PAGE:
Special Sub-Topic: Appalachian Edibles
|What time of year is "hog killing" time, traditionally?|
Late autumn to early winter.. November is the usual month for hog killing, according to my grandmother.
|This leafy green grows wild along the edges of fields usually, and can be eaten like any other green. What is it called?|
Poke Sallet. Poke Sallet can be prepared any number of ways, depending on who you talk to. Some people say you have to pour off your water several times and replace it with fresh, so as to boil all the poison out before eating! I have neither confirmed nor disproven whether Poke Sallet is really poisonous or not.
|These wild grapes grow along roadsides and paths. What are they called?|
Muscadines. Muscadines, also called Scuppernongs, are very sweet and are usually much larger than grapes. The Native Americans first cultivated them 400 years ago. Maypops are hollow pods that grow on vines, but are inedible. However if one is thrown down it usually bursts with a loud pop. Thus the name.
|This wild green vine has large leaves and is the bane of homeowners across the south. Its also edible! What is it called?|
Kudzu. Kudzu is often times refered to, fondly, as "the vine that ate the South". Originating as a botanical display, this plant has taken root in the Southeast US, covering over 7 MILLION acres of land! In the summer it can propagate at the staggering rate of over a foot a day! Its leaves, roots, and blooms are all ingredients in many recipes though. It also is the favorite food of goats and other livestock.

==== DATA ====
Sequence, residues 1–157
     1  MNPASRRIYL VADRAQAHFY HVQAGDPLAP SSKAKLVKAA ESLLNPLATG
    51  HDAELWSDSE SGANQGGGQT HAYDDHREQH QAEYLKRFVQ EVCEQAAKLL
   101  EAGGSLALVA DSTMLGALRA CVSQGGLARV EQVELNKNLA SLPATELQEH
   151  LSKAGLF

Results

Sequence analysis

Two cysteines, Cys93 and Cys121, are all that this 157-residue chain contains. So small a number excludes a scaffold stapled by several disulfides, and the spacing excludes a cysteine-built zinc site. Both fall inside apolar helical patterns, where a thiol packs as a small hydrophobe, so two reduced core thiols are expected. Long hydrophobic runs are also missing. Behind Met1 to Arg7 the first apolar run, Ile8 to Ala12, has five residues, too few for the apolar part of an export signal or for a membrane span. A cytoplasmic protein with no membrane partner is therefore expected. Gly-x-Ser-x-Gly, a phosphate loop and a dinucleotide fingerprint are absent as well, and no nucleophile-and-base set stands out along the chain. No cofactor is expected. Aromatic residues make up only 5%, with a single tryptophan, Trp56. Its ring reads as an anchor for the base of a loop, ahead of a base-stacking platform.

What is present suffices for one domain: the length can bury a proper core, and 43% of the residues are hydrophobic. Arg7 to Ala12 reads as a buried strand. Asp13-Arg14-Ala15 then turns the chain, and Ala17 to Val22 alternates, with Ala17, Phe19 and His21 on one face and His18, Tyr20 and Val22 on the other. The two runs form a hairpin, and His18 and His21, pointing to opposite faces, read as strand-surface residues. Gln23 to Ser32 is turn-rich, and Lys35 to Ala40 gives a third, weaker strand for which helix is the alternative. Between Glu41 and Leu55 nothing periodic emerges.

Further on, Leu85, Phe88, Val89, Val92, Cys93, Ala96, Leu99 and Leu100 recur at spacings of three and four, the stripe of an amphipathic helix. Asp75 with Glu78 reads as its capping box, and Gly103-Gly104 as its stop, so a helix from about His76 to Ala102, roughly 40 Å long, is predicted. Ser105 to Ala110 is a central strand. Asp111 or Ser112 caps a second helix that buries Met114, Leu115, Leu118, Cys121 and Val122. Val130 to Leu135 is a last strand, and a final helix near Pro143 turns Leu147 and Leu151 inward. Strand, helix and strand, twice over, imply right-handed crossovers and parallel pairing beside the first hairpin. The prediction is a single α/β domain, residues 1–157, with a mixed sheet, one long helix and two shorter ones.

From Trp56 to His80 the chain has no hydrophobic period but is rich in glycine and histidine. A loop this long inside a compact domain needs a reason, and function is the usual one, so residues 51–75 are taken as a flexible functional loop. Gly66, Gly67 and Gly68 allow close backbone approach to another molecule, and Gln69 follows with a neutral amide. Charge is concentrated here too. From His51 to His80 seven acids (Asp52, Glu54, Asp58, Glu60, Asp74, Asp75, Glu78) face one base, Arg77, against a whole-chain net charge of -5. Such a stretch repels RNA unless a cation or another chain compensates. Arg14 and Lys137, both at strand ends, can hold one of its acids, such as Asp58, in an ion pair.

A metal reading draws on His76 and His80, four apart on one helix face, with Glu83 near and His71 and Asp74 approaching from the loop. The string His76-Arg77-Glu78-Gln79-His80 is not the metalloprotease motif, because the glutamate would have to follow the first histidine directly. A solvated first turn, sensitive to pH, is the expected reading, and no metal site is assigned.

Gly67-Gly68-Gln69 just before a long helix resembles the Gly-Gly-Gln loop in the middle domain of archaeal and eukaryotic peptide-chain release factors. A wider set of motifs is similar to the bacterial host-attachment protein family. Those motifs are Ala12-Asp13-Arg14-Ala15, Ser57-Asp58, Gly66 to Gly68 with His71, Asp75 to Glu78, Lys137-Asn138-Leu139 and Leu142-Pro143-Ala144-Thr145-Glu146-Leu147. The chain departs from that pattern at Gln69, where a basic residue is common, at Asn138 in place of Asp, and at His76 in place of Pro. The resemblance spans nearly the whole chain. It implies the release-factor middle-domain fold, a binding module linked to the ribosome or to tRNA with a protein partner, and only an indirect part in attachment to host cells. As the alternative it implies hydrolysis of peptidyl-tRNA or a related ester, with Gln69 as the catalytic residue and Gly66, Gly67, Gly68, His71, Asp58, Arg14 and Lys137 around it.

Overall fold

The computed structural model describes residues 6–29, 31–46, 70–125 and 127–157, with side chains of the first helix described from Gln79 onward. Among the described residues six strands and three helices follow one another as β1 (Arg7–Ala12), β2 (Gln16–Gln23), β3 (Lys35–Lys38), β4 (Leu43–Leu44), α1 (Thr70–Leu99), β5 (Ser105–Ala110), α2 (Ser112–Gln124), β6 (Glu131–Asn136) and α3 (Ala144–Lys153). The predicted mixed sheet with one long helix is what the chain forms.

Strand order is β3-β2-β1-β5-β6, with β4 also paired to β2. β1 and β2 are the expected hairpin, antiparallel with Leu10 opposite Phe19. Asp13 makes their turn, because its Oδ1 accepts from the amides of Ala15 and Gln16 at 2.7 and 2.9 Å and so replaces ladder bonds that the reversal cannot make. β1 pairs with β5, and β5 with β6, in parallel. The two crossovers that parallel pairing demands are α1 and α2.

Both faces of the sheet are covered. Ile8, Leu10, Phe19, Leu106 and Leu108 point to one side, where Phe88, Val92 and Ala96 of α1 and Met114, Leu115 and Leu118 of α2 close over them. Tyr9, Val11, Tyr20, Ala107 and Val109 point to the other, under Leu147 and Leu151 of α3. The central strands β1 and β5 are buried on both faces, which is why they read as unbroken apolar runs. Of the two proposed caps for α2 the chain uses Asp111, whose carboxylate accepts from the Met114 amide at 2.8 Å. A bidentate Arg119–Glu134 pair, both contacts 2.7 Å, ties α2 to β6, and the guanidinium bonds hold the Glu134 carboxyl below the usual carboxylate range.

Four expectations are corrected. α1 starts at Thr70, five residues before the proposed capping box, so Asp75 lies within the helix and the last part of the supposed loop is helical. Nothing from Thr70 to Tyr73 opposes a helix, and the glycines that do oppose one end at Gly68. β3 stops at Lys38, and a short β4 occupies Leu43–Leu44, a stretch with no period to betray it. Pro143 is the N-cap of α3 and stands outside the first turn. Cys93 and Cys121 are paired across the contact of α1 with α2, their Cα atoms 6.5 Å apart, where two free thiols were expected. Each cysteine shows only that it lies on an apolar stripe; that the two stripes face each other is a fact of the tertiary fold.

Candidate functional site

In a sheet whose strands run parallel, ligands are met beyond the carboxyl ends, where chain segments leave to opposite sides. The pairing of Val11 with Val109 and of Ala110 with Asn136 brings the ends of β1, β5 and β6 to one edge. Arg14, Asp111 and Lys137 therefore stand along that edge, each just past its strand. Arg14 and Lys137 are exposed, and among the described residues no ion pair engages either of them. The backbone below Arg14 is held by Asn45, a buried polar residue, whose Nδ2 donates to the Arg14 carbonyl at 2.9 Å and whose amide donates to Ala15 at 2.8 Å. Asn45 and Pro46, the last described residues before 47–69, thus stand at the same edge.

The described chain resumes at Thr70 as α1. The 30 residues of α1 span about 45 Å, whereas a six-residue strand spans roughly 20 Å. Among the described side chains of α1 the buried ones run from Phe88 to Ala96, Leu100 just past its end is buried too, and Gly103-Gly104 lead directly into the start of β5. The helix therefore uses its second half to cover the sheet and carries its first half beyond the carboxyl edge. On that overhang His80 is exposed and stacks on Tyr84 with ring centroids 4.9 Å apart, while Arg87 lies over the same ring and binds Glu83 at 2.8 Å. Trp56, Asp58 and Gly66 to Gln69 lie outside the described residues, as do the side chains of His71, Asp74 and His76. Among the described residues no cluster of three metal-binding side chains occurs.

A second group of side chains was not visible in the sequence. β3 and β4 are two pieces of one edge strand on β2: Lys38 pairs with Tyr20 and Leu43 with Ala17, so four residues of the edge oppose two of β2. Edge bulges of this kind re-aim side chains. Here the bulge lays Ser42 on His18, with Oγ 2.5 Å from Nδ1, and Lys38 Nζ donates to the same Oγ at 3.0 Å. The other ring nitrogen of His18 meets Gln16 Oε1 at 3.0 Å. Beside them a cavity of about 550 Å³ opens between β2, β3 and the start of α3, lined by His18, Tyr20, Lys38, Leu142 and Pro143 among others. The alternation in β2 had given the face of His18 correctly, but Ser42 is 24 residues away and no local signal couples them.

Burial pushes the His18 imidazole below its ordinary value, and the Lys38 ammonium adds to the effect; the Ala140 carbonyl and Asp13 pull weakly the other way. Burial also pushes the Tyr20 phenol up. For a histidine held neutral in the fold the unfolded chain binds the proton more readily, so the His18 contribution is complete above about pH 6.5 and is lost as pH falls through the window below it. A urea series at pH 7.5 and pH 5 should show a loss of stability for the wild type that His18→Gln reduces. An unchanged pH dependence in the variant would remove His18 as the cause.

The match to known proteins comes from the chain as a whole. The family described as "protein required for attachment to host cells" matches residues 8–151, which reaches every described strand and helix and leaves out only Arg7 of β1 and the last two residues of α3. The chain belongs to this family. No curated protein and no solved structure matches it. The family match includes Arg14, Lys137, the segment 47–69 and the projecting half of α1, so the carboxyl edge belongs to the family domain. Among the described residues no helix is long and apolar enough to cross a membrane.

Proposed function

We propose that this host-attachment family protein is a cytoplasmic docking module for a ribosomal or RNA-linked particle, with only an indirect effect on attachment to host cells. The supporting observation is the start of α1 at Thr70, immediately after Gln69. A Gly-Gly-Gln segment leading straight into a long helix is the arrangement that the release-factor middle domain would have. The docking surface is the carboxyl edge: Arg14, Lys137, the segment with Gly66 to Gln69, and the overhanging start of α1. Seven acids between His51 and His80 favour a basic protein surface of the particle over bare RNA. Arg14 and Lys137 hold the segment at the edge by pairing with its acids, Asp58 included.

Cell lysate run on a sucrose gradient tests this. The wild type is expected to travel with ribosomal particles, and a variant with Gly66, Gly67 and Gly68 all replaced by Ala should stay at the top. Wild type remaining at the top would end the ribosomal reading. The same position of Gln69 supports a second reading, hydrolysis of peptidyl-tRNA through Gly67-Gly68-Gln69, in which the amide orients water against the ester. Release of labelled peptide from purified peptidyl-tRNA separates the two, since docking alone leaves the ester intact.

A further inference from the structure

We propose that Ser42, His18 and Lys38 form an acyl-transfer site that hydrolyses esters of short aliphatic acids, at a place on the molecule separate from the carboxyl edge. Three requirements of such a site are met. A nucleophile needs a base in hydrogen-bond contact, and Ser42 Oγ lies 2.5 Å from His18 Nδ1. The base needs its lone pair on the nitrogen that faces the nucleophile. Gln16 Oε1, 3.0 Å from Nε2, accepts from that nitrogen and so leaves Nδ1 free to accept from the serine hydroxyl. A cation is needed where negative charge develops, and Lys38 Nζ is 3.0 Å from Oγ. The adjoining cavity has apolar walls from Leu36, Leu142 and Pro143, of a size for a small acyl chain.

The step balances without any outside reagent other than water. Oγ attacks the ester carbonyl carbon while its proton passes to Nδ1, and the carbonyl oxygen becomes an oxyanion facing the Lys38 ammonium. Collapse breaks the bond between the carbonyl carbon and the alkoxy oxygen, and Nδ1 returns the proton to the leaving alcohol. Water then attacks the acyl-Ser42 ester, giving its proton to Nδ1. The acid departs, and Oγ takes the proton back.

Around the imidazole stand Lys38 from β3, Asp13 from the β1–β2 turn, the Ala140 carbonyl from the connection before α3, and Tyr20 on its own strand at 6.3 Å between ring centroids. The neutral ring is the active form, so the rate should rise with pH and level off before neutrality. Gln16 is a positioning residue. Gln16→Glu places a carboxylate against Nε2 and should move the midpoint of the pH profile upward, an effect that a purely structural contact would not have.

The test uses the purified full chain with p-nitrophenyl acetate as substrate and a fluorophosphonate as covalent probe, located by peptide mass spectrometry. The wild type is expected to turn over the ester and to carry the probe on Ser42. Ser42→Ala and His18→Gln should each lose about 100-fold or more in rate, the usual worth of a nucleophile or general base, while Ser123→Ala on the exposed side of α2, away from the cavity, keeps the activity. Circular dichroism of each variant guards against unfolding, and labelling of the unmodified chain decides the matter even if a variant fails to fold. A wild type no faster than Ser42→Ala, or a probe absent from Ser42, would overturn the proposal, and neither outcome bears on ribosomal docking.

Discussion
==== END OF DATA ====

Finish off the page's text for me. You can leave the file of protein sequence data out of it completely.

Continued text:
|These nuts were once a mainstay of the Appalacian diet, until a ecological tragedy wiped out almost every one of these trees. What were these nuts called?|
Chestnuts. The North American Chestnut tree was once one of the most awe inspiring sights in the mountains. Standing well over 100 ft. tall, they filled the forests of the Appalachians. Folklore says that they were so big that a man could lay across a chestnut stump and stretch out his arms and legs without hanging over the edge. It has also been said that they were so plentiful that a squirrel could travel from Maine to Georgia without leaving the branches of the chestnuts. In the early 1900's Asian Chestnut trees were brought to New York City, to decorate Park Ave. They carried a disease called "Chestnut Blight". Though these trees were immune to it, the N. American variety were not. Every single tree on the east coast died by the 1950's. The only remaining specimens are in the western US, where Chestnut Blight has not reached yet.
|These small, green plants are relatives of the wild onion. They have a powerful smell. What are they?|
Ramps. Ramps are similar to wild onions and smell much like an onion or garlic. However it is said that they taste devine. Ramps grow in the deepest recesses of mountain hollows, usually near watersheds. They can either be fried or sauted and eaten alone or with eggs or greens.
|The Native Cherokee refered to these three crops as "The Three Sisters". What were they?|
Beans, Corn, and Squash. They grew these every year.
|These two meat dishes are made with cornmeal. What are they?|
Scrapple and Liver Mush. These two items are both made from pork, and are usually eaten for breakfast.
|Acorns are edible.|
t. The Native Cherokee have several recipes for acorns, although one cannot simply pick them up and start snacking away.
|What is the most common preparation for squirrel?|
dumplings. Squirrel dumplings are made in much the same manner as chicken and dumplings.
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